Yeh jism pyaar karna nahin janta, janta hai toh sirf bookh, jism ki bookh. This crackling dialogue was uttered in the original Jism by Bipasha Basu,
wearing a strategically cut white gown. We’ve become blasé about sex in Bollywood, but back then, this felt edgy and dangerous. One year before the game-changing Murder, Jism coloured Bollywood’s traditional, chaste plots, with unapologetic lust.
I thought that Jism 2, which is a sequel only because it also has sex, might push the envelope again. After all, it has a real-life porn star Sunny Leone, playing a porn star Izna. But please push aside all thoughts of Steven Soderbergh‘s The Girlfriend Experience, which has a real-life porn star playing a high-class hooker. Here, Izna’s career choice has no connection with the story, which is, hands down, one of the silliest in recent history. Izna is hired by a secret agency to seduce a killer, who was also her ex-lover, Kabir, played by Randeep Hooda. Her payment to be a honey trap is Rs. 10 crore, and she informs her employers that she travels “only first class”. But somewhere along the way, her agency contact, Ayaan, played by Arunoday Singh, also falls in love with her. So in some scenes Ayaan tells Izna in an urgent voice, “Let’s meet and strategise.” (I laughed out loud). In others, he watches her as she sleeps, running a torchlight over her body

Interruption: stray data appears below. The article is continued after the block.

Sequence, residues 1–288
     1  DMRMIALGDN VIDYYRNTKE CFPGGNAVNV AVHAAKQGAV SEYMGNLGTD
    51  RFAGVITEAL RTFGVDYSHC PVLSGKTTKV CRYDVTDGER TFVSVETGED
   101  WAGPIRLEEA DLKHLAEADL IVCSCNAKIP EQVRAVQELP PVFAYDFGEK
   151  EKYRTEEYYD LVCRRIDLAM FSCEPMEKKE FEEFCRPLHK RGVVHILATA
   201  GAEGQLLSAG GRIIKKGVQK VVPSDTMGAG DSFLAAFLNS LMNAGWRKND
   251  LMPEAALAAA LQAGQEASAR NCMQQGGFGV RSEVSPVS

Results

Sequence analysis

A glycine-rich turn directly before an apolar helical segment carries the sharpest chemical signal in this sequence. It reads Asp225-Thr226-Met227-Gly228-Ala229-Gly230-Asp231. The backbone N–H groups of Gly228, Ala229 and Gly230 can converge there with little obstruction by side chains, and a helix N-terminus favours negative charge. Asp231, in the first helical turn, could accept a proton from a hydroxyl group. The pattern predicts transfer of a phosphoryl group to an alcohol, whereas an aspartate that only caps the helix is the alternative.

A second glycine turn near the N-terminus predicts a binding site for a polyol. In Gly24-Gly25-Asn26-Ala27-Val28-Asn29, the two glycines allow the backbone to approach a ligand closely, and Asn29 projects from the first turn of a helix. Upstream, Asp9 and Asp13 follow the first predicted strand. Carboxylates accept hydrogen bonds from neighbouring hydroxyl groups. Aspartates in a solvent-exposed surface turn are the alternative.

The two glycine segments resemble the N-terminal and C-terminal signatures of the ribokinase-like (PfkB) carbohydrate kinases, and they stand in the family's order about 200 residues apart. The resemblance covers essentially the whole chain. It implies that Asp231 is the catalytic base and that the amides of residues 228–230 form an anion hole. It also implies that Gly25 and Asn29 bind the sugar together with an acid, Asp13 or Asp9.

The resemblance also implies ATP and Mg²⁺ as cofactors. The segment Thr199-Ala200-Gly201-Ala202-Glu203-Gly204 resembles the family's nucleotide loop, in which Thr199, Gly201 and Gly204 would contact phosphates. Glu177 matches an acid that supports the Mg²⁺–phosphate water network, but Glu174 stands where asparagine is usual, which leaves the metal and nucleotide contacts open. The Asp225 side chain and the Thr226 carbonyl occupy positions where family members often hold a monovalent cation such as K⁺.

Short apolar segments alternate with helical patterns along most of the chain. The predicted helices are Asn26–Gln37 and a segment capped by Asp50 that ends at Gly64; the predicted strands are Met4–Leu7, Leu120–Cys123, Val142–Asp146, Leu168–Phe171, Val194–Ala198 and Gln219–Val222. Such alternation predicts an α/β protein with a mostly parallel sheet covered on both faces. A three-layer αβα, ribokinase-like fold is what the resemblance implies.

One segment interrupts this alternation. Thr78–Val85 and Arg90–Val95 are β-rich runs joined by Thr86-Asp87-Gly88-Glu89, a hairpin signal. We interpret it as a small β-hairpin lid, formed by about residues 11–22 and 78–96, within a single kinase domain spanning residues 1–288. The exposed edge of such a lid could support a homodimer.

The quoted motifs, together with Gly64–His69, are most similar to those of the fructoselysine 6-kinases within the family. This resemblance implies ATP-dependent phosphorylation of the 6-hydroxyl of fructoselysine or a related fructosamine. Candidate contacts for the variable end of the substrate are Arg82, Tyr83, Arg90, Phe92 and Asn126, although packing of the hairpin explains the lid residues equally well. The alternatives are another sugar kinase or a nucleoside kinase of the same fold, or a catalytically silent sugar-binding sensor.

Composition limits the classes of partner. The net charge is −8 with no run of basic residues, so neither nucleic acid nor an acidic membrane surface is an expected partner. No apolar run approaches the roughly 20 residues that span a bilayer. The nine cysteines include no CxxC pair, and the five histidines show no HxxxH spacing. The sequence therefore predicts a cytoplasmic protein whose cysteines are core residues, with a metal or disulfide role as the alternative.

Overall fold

Over the past decade, the Bhatts (Mahesh, who has written this film, Mukesh and Pooja) have become experts at creating low-budget thrillers that have a high sex quotient, melodious songs and often, Emraan Hashmi. Among the three, Pooja has the keenest aesthetics, so no matter how inexpensive her films are, they usually look good. Jism 2 is set in lovely, leafy Sri Lankan locations. The love-making includes white candles, bath tubs and massage oils. Perhaps this is what she means when she says that the film has a feminine gaze.
But neither a feminine nor masculine gaze can combine intense passion with such a ridiculous story. For an erotic film, everyone talks way too much. Of course, we get love-making, Leone’s bare back and ample cleavage. But the Bhatts – Mahesh and Pooja – also want to unveil some deeper truth about men, women and their obsessions with each other. So Jism 2 plays out like an unintentionally funny fever dream. Kabir is a sort of artist-assassin. He plays the cello and sings mournfully. He quotes Faiz to Izna and says lines like, Mausam guzar jaate hain, yaad nahin guzarti. Hooda is a fine actor but here he seems to be emoting for all three of them. Leone, who is very pretty, clearly wasn’t cast for her acting skills, but honestly, she’s not bad. She wisely finds a sort of half-bewildered, half-heavy breathing expression and then stays with it. When the emotion becomes too complex for her to handle, Pooja cuts to the back of her head